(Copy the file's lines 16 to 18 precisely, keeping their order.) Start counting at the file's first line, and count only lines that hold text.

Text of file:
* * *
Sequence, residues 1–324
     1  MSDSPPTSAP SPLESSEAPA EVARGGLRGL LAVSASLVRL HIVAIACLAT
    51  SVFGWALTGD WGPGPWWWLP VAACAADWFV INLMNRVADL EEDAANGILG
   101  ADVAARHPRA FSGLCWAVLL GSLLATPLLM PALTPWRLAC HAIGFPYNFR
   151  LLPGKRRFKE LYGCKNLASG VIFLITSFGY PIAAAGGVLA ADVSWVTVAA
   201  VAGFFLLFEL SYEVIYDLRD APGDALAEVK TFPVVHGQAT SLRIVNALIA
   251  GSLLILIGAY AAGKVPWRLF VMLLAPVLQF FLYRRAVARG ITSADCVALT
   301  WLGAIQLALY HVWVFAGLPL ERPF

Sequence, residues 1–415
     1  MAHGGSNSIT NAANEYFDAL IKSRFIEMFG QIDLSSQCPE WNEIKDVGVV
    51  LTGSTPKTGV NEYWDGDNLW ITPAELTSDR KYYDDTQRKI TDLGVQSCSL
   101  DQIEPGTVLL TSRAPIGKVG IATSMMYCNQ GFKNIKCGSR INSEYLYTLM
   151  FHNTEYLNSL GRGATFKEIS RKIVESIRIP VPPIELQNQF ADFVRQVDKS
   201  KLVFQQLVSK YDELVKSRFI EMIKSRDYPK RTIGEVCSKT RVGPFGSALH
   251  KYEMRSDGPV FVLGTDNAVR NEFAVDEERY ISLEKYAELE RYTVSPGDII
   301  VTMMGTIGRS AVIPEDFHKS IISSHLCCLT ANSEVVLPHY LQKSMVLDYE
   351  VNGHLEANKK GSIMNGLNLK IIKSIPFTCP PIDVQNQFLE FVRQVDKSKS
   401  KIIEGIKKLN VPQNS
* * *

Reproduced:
   301  VTMMGTIGRS AVIPEDFHKS IISSHLCCLT ANSEVVLPHY LQKSMVLDYE
   351  VNGHLEANKK GSIMNGLNLK IIKSIPFTCP PIDVQNQFLE FVRQVDKSKS
   401  KIIEGIKKLN VPQNS